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United Nations Special Coordinator for the Middle East Peace Process (UNSCO)
ROBERT H. SERRY
UN SPECIAL COORDINATOR
FOR THE MIDDLE EAST PEACE PROCESS
UN DAY REMARKS
UN Common Premises, Ramallah -- 27 October 2011
Thank you all for coming today. It is a great honour to have you here at the UN premises, and to see many of my good friends with whom we work so closely on a regular basis. Every year on UN Day we reaffirm the universal values that drive the Organization.
During his UN Day remarks the Secretary-General reaffirmed the mission of the United Nations:
To build a better world.
To leave no one behind.
To stand for the poorest and most vulnerable in the name of global peace and social justice.
In these efforts, the Question of Palestine is centrally important to the UN. To be sure, the Israeli-Palestinian conflict has dramatically shaped this Organization and it is at the centre of our efforts, and indeed all efforts, to establish peace and stability in the region and the world.
This UN Day marks the 66th year since the inception of the Organization. Throughout that period the UN has maintained a strong commitment to uphold international law in the pursuit of a peaceful resolution of the Middle East conflict. After all, the UN itself represents the hope of international law; we embody the principle of selfdetermination and we take very seriously our responsibility to uphold international humanitarian law with regard to the occupation that began in 1967 and in our engagement with all parties to this conflict.
It means consistently speaking out against settlements and the separation wall that are contrary to international law. And on this point, I continue to share your concern about the persistent construction of settlements in the West Bank including East Jerusalem. The Secretary-General and I have made clear that these developments, including recent announcements, are unacceptable and run counter to the Quartet’s call to restart a process of negotiation and avoid provocations.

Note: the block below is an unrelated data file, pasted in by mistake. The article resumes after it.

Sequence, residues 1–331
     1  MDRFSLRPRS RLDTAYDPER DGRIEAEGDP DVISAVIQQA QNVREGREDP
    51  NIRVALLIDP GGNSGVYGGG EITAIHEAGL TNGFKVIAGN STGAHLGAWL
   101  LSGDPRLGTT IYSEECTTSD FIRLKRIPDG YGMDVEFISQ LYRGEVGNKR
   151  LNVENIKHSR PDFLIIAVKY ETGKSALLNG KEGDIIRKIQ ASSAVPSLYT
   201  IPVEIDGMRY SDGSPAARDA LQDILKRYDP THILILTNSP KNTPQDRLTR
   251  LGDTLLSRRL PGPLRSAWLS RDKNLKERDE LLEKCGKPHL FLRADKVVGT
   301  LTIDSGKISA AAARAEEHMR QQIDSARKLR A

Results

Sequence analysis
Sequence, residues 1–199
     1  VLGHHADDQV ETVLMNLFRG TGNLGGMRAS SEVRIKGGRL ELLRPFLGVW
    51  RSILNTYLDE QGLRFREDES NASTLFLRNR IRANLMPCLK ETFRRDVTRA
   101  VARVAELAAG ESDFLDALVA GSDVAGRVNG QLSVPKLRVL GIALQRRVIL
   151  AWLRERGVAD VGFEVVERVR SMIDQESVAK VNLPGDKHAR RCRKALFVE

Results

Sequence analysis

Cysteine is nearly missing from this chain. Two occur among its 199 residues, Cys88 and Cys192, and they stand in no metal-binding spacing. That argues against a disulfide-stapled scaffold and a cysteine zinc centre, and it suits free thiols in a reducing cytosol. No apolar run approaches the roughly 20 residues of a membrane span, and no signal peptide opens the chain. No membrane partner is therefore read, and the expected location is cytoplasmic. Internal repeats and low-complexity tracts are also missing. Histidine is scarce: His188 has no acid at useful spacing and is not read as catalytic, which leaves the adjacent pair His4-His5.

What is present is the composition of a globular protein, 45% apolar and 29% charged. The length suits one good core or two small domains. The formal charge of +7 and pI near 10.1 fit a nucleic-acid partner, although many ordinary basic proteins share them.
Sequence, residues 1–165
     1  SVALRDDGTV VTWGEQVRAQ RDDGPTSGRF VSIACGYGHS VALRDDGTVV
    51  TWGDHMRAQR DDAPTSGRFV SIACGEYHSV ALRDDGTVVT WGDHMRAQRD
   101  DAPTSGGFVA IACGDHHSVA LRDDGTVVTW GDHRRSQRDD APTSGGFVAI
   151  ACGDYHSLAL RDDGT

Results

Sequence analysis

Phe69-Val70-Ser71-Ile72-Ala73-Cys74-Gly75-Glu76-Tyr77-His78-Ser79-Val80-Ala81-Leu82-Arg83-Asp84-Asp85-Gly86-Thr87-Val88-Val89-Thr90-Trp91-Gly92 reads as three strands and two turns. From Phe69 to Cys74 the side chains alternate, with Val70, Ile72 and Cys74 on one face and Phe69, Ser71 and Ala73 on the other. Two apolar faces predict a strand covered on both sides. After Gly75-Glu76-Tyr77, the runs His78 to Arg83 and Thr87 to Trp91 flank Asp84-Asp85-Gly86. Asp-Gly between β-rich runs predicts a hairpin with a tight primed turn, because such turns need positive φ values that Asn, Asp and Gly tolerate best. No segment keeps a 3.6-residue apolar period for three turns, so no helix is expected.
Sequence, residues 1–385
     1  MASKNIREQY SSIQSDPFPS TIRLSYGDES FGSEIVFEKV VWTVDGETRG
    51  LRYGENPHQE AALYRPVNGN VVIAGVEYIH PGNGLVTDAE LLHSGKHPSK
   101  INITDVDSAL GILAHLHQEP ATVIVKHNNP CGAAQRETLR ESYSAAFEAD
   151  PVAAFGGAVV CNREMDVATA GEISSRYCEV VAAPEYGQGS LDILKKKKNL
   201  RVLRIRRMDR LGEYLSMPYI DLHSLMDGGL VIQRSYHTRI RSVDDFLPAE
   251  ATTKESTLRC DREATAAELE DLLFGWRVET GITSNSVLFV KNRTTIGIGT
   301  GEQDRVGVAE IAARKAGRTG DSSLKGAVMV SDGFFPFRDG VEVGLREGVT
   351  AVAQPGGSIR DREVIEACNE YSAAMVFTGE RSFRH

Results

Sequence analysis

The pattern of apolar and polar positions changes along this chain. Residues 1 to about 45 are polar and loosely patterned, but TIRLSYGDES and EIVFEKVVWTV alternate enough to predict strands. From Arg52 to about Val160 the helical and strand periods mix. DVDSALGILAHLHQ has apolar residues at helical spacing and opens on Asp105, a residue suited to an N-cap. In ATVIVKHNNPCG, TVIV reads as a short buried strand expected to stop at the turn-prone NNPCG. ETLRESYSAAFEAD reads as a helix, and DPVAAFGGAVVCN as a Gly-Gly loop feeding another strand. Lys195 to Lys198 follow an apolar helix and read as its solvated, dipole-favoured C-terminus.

We continue to work toward a negotiated resolution of all core issues to this conflict, including Jerusalem, borders, security, settlements, refugees, water and all other issues between the parties. Let me salute the tireless work of UNRWA in support of the plight of refugees, as well as the work of other UN agencies in the West Bank and Gaza, whose representatives are gathered here today.
However, I want to also highlight the tremendous achievements related to the Palestinian Authority’s statebuilding agenda. UNSCO, alongside the World Bank, the IMF and others in the international community, has stated clearly on several occasions that the Palestinian Authority’s institutions are ready to assume the responsibilities of statehood at any point in the near future. The performance of the Palestinian security forces has impressively contributed to establishing law and order in Palestinian cities for the benefit of the Palestinian people. Key infrastructure has been promoted and the provision of basic services is improving. This is the result of the dedicated work of President Abbas, Prime Minister Fayyad, Palestinian Ministers and the stances they have taken, including a strong commitment to non-violence.